Jonathan Coleman, Professor of Chemical Physics at School of Physics and CRANN – Trinity College Dublin, will present at the Health Tech Event: “The magic of nanomaterials: From rubber bands to state of the art sensors”.
Monitoring of human bodily motion requires wearable sensors which can detect position, velocity and acceleration. They should be cheap, lightweight, mechanically compliant and display reasonable sensitivity at high strains and strain-rates. No reported material has simultaneously demonstrated all the above requirements. Here we describe a simple method to infuse liquid-exfoliated graphene into natural rubber to create conducting composites. These materials are excellent strain-sensors displaying 104-fold increases in resistance and working at strains exceeding 800%. The sensitivity is reasonably high with gauge factors of up to 35 observed. More importantly, these sensors can effectively track dynamic strain, working well at vibration frequencies of at least 160 Hz. At 60 Hz, we could monitor strains of at least 6% at strain rates exceeding 6000 %/s. We have used these composites as bodily motion sensors, effectively monitoring joint and muscle motion as well and breathing and pulse.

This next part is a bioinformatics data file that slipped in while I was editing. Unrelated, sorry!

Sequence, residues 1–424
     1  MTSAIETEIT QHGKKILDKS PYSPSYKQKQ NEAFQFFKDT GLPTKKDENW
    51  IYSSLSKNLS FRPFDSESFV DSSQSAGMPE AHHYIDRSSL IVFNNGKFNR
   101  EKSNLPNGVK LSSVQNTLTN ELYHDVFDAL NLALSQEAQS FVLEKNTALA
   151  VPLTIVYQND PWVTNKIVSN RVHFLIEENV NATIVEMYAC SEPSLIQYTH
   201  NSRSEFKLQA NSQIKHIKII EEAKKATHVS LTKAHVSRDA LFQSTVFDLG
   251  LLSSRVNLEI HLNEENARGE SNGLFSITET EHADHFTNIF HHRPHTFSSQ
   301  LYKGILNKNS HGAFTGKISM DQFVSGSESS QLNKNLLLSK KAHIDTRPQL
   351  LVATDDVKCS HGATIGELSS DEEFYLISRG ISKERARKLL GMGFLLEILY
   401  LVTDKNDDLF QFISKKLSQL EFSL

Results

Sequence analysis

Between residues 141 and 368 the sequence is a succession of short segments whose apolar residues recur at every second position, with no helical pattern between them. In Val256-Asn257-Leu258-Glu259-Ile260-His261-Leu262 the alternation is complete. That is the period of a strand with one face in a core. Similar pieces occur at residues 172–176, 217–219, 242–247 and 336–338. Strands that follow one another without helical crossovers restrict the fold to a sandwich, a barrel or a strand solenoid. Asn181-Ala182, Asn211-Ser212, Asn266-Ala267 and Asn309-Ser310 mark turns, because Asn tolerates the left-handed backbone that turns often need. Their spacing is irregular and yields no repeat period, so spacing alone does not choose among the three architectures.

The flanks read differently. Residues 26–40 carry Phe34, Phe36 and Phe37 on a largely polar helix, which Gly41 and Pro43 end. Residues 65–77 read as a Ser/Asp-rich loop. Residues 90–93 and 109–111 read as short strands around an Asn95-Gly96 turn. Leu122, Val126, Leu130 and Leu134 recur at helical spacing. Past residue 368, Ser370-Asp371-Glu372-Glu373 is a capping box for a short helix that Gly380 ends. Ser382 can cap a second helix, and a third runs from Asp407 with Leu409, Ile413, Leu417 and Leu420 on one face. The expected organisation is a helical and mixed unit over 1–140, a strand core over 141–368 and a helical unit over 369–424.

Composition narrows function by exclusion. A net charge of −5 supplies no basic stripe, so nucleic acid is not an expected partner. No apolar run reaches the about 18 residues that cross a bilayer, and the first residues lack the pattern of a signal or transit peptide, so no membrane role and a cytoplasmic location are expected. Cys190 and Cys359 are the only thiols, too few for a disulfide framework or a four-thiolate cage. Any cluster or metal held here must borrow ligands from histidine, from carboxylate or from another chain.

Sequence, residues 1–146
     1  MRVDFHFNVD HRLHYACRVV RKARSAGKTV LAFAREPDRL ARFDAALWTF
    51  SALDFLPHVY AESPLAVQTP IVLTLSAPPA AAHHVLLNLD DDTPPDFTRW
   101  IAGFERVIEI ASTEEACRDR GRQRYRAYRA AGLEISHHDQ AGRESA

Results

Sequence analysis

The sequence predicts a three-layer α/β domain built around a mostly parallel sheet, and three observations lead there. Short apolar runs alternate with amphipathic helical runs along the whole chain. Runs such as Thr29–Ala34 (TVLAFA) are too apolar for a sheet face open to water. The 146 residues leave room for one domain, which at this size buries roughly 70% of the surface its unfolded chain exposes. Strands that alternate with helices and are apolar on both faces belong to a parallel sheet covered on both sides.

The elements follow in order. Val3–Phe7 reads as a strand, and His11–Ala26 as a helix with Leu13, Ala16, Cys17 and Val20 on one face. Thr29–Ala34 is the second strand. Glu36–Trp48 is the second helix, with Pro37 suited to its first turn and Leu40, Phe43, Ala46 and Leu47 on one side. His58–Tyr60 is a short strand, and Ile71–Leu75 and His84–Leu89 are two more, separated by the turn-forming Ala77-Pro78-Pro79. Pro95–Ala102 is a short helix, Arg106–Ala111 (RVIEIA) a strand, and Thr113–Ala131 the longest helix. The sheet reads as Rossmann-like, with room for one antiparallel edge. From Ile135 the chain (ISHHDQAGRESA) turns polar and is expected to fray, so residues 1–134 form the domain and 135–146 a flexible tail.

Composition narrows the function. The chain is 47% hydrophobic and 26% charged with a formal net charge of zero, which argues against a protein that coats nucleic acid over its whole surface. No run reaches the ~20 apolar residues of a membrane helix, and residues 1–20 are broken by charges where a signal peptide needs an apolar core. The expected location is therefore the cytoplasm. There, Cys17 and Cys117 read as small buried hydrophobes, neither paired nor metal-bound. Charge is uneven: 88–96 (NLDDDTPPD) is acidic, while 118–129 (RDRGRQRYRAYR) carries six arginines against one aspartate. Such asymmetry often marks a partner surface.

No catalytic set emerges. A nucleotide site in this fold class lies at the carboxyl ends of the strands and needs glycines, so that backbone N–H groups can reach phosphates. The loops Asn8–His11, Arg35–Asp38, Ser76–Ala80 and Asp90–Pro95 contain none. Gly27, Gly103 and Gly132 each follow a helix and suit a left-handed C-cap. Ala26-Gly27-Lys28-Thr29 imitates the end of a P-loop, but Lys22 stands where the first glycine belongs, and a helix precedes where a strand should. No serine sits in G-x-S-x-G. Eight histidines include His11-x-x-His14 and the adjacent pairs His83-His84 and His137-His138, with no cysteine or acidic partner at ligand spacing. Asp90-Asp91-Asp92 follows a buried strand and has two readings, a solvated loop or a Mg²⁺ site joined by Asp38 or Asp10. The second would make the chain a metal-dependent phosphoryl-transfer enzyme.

About Jonathan Coleman
Jonathan Coleman’s research focuses on the large scale production of 2D materials such as graphene for applications from sensing to energy storage. Coleman has led many industry-academia collaborative projects, working with companies such as Hewlett-Packard, SAB Miller and Intel. He has published approximately 190 papers in international journals including Nature and Science and has a h-index of 58. He was recently listed by Thomson Reuters among the world’s top 100 materials scientists of the last decade and was named as the Science Foundation Ireland researcher of the Year in 2011.
About School of Physics and CRANN, Trinity College Dublin
CRANN is an industry-facing nanoscience centre based in Trinity College Dublin. The centre partners leading researchers in material science with industry to develop new materials and devices for a range of sectors, particularly the ICT, medical devices and industrial technology sectors.
Find out more about Trinity College Dublin